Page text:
Prostate Cancer – Symptoms & Risk Factors

Prostate cancer is the second most common cancer among men. Approximately one in eight men will be diagnosed with prostate cancer in their lifetime.

If diagnosed at an early stage, a complete cure is possible. Excellent treatment is available in the advanced stage to control and prolong the life span. 

What are the Risk Factors for Prostate Cancer? 

  • Age: Risk increases with age. The majority of cases are discovered after the age of 65.
  • Genetics: Men with close family members with cancers of the prostate, breast, ovary, colon, or pancreas have a high risk of developing prostate cancer. BRCA is one such gene mutation.
  • Race: It is unknown yet, but men of African descent are 75% more likely to develop prostate cancer.
  • Smoking raises the risk of developing aggressive prostate cancer.
  • Diet: A lack of vegetables in the diet (especially broccoli) may
  • A high calcium intake increases the risk in the diet.
  • Obesity: Higher weight is associated with aggressive prostate cancer.
  • Lack of exercise
  • Increased sexual activity or increased ejaculation decreases the risk of prostate cancer.

Myth Busters: 

  • Benign prostate conditions such as benign prostatic hyperplasia (BPH) and prostatitis do not increase the risk of prostate cancer.
  • High levels of sexual activity or frequent ejaculation do not increase risk.
  • Vasectomy does not increase the risk.
  • Aspirin and statins are used to reduce inflammation. They may reduce the risk of aggressive prostate cancer. But they are not recommended for this purpose alone.
  • There is no link between alcohol and prostate cancer.
  • Supplements such as vitamin E and selenium do not help.

When to Get Checked 

Be proactive: Ask your doctor when you enter middle age. 

It depends upon the following: 

  • How old you are: Start talking to your doctor after the age of 45 years. Screening can be stopped at the age of 70 years
  • Family history
  • Race 

Pay Attention to the Following Warning Signs

  • Pain may not happen until the cancer is advanced. 
  • A need to urinate frequently, especially at night, sometimes urgently 
  • Difficulty starting or holding back urination 
  • The weak, dribbling, or interrupted flow of urine 
  • Painful or burning urination 
  • Difficulty in having an erection 
  • A decrease in the amount of fluid ejaculated 
  • Painful ejaculation 
  • Blood in the urine or semen 
  • Pressure or pain in the rectum 
  • Pain or stiffness in the lower back, hips, pelvis, or thighs 

It’s most important to keep the conversation open with your doctor. 

10 Ways to Prevent Prostate Cancer

  1. Adopt an “anti-inflammatory diet” high in foods that fight inflammation, such as vibrantly colored vegetables, and low in red meat, sweets, processed meals, and dairy products.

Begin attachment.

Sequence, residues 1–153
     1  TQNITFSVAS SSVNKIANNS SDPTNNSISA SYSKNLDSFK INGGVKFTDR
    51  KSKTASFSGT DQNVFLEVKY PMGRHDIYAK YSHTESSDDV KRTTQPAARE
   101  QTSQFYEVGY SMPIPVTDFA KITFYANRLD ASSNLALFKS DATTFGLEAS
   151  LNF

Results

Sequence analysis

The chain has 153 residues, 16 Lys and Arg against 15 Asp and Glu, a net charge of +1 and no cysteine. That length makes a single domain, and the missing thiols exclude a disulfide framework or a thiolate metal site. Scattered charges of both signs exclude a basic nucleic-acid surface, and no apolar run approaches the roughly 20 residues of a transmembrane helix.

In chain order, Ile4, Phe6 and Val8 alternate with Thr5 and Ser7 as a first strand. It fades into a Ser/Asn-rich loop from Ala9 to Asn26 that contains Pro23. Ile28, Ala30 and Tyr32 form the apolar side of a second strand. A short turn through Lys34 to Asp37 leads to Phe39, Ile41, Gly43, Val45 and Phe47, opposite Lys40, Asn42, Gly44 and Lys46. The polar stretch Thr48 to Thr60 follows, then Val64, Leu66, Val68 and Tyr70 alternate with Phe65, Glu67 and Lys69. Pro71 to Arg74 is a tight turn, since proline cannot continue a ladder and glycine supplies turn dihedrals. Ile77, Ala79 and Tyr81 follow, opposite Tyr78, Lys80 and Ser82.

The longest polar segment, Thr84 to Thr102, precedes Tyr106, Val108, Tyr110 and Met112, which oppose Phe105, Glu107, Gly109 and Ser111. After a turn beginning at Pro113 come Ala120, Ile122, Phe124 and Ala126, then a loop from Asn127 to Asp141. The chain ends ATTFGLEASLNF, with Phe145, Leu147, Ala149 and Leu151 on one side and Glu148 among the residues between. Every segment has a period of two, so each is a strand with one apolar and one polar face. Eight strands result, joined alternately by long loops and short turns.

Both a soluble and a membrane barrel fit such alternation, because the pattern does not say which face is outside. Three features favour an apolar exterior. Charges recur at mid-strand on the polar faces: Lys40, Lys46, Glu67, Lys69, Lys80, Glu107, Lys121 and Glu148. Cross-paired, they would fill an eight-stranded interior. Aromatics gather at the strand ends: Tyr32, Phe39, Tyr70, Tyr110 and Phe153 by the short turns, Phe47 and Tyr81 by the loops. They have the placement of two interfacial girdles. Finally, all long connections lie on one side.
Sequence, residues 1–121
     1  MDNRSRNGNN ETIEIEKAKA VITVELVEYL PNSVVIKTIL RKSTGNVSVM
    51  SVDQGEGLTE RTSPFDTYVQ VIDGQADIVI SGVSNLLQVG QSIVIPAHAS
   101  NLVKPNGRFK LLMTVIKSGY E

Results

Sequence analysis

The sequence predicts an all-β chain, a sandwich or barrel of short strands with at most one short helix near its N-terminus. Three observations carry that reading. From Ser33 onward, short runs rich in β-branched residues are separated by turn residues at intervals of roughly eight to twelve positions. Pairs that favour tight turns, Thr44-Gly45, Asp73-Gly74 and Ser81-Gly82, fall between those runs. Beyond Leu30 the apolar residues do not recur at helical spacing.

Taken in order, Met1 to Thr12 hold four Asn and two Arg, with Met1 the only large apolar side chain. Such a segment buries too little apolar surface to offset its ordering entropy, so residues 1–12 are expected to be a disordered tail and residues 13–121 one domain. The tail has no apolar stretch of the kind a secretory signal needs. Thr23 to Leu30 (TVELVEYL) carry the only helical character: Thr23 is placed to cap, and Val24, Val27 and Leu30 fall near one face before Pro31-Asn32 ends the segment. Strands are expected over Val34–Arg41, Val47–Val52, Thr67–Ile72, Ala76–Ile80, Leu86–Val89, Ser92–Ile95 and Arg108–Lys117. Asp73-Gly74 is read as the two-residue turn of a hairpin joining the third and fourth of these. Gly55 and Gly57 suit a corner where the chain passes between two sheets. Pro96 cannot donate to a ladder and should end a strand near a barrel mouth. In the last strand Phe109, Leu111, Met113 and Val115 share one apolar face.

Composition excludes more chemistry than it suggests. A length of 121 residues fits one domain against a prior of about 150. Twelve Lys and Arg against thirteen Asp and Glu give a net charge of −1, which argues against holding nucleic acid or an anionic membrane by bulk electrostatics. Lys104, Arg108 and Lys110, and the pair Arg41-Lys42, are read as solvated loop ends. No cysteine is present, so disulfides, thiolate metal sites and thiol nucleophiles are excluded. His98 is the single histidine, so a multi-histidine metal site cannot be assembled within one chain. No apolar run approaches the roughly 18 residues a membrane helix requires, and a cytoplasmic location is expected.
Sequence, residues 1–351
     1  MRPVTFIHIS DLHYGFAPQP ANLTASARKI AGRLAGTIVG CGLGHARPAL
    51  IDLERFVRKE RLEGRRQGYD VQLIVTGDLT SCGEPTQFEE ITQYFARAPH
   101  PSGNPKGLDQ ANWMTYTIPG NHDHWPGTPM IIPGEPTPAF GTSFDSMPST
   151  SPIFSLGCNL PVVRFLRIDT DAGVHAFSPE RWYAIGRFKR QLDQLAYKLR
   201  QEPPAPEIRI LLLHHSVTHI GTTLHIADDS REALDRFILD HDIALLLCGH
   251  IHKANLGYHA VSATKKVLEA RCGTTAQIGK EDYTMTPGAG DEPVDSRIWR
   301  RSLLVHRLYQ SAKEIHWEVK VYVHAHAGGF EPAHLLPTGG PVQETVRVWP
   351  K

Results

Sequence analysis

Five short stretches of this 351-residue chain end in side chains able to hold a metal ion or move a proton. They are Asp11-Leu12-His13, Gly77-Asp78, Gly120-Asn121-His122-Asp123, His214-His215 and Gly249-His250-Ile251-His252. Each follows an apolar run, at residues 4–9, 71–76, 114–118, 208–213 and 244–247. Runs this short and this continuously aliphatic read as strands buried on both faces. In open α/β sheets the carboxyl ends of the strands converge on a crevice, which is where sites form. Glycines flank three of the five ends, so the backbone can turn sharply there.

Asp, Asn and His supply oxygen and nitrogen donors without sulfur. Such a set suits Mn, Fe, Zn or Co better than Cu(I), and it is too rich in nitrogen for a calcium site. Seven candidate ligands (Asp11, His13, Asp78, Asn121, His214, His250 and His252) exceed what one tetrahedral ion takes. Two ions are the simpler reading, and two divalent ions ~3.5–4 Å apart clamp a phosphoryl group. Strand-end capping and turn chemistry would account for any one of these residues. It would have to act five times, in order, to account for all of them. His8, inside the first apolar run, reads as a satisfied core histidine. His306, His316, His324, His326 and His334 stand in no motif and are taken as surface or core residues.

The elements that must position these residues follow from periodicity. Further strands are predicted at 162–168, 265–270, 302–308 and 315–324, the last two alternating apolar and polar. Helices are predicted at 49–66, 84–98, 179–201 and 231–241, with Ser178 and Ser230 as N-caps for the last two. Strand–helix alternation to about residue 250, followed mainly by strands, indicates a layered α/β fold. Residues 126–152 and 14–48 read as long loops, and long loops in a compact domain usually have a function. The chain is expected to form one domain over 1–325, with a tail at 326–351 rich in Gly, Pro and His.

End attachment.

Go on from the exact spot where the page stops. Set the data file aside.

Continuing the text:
2. Reduce your calorie intake and up your exercise to keep your weight in check. A man’s risk of acquiring deadly forms of prostate cancer has been decreased by engaging in vigorous exercise within the parameters of safety for his degree of physical fitness. Its recurrence is connected to obesity.
  3. Keep an eye on your calcium intake. Extreme calcium intake may raise the risk of the condition. Unless your doctor has prescribed supplements, try to acquire most of your calcium from plant-based dietary sources (such as almonds, tofu, and leafy greens) instead of supplements.
  4. Replace red meat with fish and plant-based proteins. Red meat’s saturated fat contributes to inflammation linked to chronic diseases, including cancer. Refrain from trans fatty acids (e.g., margarine, packaged baked goods).
  5. Include cruciferous vegetables (like broccoli and cauliflower) and cooked tomatoes (made with olive oil), which may be advantageous in your weekly meals.
  6. There are several reasons not to smoke. If you do consume alcohol, do it in moderation.
  7. For stress, high blood pressure, diabetes, high cholesterol, and depression, seek medical attention. Treating these problems may prolong your life and increase your chance of surviving the condition.
  8. Megavitamin supplementation should be avoided. A multivitamin is generally not dangerous, but if you eat a nutritious diet rich in fruits, vegetables, whole grains, seafood, and healthy fats, you probably don’t need one. As some herbal supplements may harm you or interfere with your therapy, talk to your doctor before taking any.
  9. Unwind and embrace life. Your chances of surviving will increase, and you’ll live a longer, happier life if you reduce stress at work and at home.
  10. Discuss the advantages and disadvantages of screening with a PSA test and, if necessary, a rectal examination with your doctor if you are a man aged 45 or older (40 or older if you are Black or have a family history of prostate cancer).

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Amjad Ali Siddiqui
Althaf Hussain K.
Abdul Jabbar Pirzada
Anand Srivastava
Faizal Syed

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